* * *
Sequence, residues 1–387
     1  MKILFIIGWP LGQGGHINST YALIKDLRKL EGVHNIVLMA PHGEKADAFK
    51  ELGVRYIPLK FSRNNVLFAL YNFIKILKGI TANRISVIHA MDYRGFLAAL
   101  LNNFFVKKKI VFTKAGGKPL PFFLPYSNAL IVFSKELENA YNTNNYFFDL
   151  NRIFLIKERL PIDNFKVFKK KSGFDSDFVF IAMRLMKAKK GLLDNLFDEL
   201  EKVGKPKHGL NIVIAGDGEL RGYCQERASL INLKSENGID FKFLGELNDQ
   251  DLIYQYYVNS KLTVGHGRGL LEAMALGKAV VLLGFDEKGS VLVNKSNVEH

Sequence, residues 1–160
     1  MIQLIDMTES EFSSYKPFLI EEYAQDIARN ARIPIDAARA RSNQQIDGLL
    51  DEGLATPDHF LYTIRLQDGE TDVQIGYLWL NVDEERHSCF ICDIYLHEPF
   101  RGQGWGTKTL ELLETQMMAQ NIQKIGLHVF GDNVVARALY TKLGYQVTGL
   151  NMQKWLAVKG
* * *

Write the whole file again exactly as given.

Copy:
Sequence, residues 1–387
     1  MKILFIIGWP LGQGGHINST YALIKDLRKL EGVHNIVLMA PHGEKADAFK
    51  ELGVRYIPLK FSRNNVLFAL YNFIKILKGI TANRISVIHA MDYRGFLAAL
   101  LNNFFVKKKI VFTKAGGKPL PFFLPYSNAL IVFSKELENA YNTNNYFFDL
   151  NRIFLIKERL PIDNFKVFKK KSGFDSDFVF IAMRLMKAKK GLLDNLFDEL
   201  EKVGKPKHGL NIVIAGDGEL RGYCQERASL INLKSENGID FKFLGELNDQ
   251  DLIYQYYVNS KLTVGHGRGL LEAMALGKAV VLLGFDEKGS VLVNKSNVEH

Sequence, residues 1–160
     1  MIQLIDMTES EFSSYKPFLI EEYAQDIARN ARIPIDAARA RSNQQIDGLL
    51  DEGLATPDHF LYTIRLQDGE TDVQIGYLWL NVDEERHSCF ICDIYLHEPF
   101  RGQGWGTKTL ELLETQMMAQ NIQKIGLHVF GDNVVARALY TKLGYQVTGL
   151  NMQKWLAVKG